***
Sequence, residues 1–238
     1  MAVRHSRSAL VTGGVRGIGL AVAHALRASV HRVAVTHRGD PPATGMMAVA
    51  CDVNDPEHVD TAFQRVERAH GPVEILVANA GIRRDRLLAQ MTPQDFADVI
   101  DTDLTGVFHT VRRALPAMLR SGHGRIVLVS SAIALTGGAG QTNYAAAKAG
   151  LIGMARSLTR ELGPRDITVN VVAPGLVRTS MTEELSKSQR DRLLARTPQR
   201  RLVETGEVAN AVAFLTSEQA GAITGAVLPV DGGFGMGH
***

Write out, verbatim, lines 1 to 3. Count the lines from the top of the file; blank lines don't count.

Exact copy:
Sequence, residues 1–238
     1  MAVRHSRSAL VTGGVRGIGL AVAHALRASV HRVAVTHRGD PPATGMMAVA
    51  CDVNDPEHVD TAFQRVERAH GPVEILVANA GIRRDRLLAQ MTPQDFADVI